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Unformatted text preview: MATH 682 Notes Combinatorics and Graph Theory II 1 Flows A logical followup (or predecessor) to Menger’s theorem, and its associated discussion of multiple simultaneous routes, is the concept of flow in a graph. If we visualize a graph as a system of pipelines between a source and a sink , then a significant question becomes how to route whatever it is we’re transferring to make optimal use of our network. To properly address flow, we’ll actually need to make a few changes to the concept of a graph to generalize it better. Definition 1. A system D = ( V,E ) where V is a set of vertices and E is a set of ordered pairs of elements of V is called a directed graph or digraph . The edge ( u,v ) is said to point from u to v . Many of the concepts defined for graphs have analogues in directed graphs. For instance, a directed walk is a sequence of edges ( v ,v 1 ) , ( v 1 ,v 2 ) ,..., ( v k 1 ,v k ), frequently denoted v → v 1 → ··· v k . There are likewise concepts of directed trails and paths, and of connectivity by means of directed paths, called strong connectivity . Digraphs also possess twovarieties of the concept of vertex degree: the indegree d ( v ) counting incoming edges, and the outdegree d + ( v ) counting outgoing edges. We will develop other, novel ideas associated with directed graphs in greater detail after discussing flows. Another concept necessary when discussing flow is weight , which is an assignment of values to graph features, usually edges, but occasionally vertices: Definition 2. An edgeweight for a (di)graph G is a function f : E ( G ) → R , and a vertexweight is a function f : V ( G ) → R . A (di)graph together with a weight of either type is called a weighted (di)graph . Weights are usually, although not necessarily, restricted to nonnegative values. Weight can rep resent a number of different edge properties in practice: they can be utilization cost, length of connection (in which case the concept of distance is frequently redefined), quality of connection, or possible throughput. It is the last of these properties that we shall address with regard to flow. The edges of a graph could be thought of as pipelines for material, while the vertices are stations for management and routing. With this model in mind, a question with clear realworld applications is: what is the largest quantity of material we can transfer this way, and how do we do so? We shall formally pose this question by indicating which transmission plans are “legal” in the sense of actually representing a viable flow. For semantic simplicity, below we shall refer to the edge weights in a weighted digraph as “capacities”, and denote the capacity of an edge e by c ( e ); for simplicity, we shall also use c ( u,v ) to denote capacity on the edge ( u,v ) instead of the more formal...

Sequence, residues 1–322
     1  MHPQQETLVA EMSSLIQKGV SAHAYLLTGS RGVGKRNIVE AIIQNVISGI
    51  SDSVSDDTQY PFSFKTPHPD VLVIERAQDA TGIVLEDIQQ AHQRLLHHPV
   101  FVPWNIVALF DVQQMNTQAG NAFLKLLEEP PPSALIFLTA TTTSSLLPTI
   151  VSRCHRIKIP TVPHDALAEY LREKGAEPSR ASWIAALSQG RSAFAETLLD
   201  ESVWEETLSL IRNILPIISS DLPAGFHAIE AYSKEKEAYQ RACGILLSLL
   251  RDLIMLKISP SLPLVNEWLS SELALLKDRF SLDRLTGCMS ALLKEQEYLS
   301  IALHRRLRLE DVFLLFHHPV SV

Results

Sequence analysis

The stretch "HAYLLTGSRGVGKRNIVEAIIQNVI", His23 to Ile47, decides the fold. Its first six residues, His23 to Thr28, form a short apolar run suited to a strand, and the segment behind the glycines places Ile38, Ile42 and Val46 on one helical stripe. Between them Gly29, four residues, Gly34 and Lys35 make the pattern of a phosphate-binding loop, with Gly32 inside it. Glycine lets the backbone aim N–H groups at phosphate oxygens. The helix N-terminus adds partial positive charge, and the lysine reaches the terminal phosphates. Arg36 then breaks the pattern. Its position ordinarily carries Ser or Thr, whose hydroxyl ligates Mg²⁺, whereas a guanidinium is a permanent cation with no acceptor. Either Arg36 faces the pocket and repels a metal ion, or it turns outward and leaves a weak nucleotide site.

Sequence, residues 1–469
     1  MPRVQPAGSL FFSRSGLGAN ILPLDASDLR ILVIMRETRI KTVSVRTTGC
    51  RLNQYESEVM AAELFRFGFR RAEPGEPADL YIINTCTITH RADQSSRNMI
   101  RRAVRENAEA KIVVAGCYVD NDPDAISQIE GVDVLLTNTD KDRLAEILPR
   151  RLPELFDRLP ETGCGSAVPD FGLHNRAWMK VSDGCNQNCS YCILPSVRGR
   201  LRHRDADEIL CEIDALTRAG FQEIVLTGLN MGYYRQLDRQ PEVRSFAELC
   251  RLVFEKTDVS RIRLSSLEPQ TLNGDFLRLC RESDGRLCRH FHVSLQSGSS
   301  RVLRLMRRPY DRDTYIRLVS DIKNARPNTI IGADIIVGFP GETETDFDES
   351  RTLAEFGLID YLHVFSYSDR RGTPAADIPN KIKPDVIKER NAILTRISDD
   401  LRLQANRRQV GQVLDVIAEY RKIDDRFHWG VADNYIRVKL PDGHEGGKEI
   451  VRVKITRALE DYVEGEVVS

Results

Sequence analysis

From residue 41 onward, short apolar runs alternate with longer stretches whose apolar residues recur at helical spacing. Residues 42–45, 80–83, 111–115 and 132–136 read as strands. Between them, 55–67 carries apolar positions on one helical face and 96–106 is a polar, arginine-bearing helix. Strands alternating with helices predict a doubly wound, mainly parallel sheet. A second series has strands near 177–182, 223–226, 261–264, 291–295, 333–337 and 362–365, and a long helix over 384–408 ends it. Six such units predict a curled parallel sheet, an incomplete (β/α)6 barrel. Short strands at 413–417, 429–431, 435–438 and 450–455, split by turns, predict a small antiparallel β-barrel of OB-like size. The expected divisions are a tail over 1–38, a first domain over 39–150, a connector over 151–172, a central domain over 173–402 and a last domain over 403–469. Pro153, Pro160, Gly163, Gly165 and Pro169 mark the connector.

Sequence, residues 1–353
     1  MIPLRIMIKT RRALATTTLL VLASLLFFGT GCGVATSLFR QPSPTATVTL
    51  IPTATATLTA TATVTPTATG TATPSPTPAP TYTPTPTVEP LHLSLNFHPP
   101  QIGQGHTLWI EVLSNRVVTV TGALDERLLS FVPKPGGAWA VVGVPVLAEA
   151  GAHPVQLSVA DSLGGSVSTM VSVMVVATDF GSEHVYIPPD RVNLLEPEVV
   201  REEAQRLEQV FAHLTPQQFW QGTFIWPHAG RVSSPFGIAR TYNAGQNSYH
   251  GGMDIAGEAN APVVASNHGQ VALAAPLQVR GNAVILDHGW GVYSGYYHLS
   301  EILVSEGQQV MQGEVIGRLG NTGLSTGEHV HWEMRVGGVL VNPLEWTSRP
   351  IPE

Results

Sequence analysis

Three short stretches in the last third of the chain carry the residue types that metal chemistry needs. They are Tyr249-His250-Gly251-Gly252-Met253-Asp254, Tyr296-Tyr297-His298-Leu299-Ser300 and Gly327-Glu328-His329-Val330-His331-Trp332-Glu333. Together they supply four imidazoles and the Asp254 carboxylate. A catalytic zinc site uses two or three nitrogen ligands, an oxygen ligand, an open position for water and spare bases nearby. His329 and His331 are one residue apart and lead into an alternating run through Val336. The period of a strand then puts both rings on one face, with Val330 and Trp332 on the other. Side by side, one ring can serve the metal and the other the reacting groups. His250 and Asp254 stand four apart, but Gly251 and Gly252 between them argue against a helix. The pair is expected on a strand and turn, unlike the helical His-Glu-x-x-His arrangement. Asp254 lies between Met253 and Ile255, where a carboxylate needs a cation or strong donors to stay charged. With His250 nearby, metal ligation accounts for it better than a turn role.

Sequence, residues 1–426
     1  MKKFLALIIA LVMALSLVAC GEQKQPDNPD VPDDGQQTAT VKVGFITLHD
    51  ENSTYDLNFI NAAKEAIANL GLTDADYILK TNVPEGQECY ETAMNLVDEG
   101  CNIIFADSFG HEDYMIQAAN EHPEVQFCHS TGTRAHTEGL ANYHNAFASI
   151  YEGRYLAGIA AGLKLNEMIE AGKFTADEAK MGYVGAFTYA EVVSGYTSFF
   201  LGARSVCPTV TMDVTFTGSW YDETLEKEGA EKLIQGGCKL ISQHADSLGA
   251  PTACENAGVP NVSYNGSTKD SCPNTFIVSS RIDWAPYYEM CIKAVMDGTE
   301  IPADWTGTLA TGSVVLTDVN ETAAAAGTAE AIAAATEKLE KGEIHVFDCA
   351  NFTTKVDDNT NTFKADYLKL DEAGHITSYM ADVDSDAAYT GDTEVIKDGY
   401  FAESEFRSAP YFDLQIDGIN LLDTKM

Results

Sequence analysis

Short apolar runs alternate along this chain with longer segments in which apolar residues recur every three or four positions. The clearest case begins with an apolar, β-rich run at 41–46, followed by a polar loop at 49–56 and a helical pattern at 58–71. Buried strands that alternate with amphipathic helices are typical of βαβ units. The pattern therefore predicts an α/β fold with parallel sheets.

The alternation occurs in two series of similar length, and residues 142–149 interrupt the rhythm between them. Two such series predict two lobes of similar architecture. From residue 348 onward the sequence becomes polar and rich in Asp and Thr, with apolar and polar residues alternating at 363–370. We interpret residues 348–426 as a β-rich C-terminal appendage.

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This note was uploaded on 01/12/2012 for the course MATH 682 taught by Professor Wildstrom during the Spring '09 term at University of Louisville.
 Spring '09
 WILDSTROM
 Logic, Combinatorics, Graph Theory

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